HC Deb 03 February 1826 vol 14 cc90-1

The Chancellor of the Exchequer moved the usual Sessional orders. On the resolution appointing him chairman of the committee of Ways and Means,

Mr. Brogden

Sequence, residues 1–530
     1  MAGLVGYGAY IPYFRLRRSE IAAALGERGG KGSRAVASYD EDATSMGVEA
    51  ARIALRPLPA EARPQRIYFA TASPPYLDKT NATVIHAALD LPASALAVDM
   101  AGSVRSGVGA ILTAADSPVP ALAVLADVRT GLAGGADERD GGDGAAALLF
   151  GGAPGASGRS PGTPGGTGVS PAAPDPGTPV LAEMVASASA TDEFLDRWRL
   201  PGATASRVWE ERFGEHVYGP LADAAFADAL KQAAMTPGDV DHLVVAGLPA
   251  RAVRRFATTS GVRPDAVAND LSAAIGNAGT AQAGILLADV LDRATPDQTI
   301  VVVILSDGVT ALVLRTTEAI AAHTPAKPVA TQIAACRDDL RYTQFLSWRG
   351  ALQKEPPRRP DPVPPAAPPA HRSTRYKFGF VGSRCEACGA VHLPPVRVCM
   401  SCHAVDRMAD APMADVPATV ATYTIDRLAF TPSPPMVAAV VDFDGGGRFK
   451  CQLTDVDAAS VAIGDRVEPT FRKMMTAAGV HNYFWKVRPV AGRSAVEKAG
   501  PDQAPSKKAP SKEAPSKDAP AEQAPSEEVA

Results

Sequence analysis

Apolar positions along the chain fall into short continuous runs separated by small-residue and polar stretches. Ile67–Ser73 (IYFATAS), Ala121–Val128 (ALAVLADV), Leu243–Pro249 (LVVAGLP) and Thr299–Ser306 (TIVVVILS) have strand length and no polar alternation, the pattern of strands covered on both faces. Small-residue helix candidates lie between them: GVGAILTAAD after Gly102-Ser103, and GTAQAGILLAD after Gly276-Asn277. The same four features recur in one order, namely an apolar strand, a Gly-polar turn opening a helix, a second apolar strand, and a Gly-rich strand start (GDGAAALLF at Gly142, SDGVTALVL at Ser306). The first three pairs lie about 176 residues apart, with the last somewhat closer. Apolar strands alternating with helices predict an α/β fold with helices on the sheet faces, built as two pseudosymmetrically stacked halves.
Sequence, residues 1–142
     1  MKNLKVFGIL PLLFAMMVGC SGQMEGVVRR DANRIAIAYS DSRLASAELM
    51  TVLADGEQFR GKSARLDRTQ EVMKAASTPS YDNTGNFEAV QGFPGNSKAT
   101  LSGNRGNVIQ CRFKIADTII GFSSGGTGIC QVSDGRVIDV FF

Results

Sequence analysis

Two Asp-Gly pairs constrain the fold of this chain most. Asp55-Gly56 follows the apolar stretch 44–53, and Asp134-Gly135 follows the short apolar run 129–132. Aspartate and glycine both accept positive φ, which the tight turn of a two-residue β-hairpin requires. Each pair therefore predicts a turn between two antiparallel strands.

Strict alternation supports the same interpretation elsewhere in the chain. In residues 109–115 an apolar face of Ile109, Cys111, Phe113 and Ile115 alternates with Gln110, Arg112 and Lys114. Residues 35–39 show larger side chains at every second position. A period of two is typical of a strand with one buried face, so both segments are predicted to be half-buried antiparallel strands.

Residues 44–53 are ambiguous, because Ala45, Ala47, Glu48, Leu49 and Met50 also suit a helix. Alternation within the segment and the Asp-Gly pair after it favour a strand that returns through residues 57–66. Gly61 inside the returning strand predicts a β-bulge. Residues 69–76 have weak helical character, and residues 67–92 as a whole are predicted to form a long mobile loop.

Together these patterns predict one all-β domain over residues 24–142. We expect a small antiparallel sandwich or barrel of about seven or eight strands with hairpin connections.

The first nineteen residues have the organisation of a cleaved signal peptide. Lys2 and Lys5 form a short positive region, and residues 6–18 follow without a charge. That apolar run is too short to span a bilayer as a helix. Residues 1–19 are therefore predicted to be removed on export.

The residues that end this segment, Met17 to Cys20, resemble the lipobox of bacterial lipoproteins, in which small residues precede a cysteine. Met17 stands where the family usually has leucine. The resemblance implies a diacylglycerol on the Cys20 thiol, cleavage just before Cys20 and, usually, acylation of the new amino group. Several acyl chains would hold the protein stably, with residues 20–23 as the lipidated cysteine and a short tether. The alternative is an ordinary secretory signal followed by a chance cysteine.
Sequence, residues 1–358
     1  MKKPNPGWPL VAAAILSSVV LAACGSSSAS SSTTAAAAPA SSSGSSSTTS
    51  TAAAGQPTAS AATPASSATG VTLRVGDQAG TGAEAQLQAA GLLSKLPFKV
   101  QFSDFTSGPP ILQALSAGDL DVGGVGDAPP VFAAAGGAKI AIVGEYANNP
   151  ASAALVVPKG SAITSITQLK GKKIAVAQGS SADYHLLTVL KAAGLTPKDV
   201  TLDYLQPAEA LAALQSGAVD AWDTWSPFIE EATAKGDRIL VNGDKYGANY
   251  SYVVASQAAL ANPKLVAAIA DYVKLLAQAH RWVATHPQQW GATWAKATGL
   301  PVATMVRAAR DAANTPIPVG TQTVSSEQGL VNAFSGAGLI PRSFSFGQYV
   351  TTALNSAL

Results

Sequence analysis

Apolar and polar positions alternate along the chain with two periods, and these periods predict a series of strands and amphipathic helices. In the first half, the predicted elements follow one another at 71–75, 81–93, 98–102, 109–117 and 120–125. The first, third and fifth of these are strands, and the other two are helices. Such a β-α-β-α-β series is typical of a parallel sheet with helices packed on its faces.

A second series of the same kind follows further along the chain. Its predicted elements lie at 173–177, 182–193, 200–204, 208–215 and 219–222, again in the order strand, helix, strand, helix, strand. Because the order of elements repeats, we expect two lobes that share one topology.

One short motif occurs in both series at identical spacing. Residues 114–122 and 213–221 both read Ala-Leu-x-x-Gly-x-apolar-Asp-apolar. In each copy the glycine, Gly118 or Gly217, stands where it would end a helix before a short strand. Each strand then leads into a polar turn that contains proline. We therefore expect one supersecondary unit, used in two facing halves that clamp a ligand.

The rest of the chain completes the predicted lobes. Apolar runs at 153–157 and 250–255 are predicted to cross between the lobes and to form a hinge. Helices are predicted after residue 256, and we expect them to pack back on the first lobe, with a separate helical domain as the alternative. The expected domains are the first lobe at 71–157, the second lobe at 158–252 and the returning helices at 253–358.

observed, that he had for a considerable period discharged the duties of the office to which he had now been re-appointed, he trusted, with zeal and diligence. Circumstances had occurred since the last session which made him desirous of occupying the attention of the House for a few minutes, in order that he might exculpate himself from the gross imputations which had been cast upon him in the newspapers. Under those aspersions on his character he had suffered greatly. It would be impossible to describe how severely his feelings had been wounded. It had been said, that no person suffered unjustly, at least without some ground; but he was an example to the contrary. In the matter he referred to (the Arigna Mine concern) he had the satisfaction to say, that 150 gentlemen had met at the city of London Tavern, who had completely absolved him and another member of the House from any improper conduct in regard to the company, and had requested him to continue a director. The hon. member added, that he would not descend to minute details in order to rebut the allegations in the newspapers; a proceeding at law would be instituted against one libel. He had received a letter which would abundantly show the conviction entertained of his entire innocence in the affair referred to, and which he proposed to read to the House. The hon. member, however, on searching, found that he had omitted to bring it with him; but he stated the substance of it, which was, that the subscribers absolved Mr. Brogden and Mr. Bent from all corrupt participation in the monies of the company; that the sums particularly specified, which were indeed placed in their hands, were not improperly received by them; and requested that those gentlemen would continue in the direction. Being thus absolved, he trusted that the confidence of the House would not be withdrawn from him. He courted inquiry and publicity. There was nothing he wished so much as to have his conduct fully and completely investigated, and were it not beneath the dignity of that House, he would wish that he might have an opportunity of going before a committee into those details, and producing that evidence, by which he could, beyond the possibility of question, put to shame his accusers.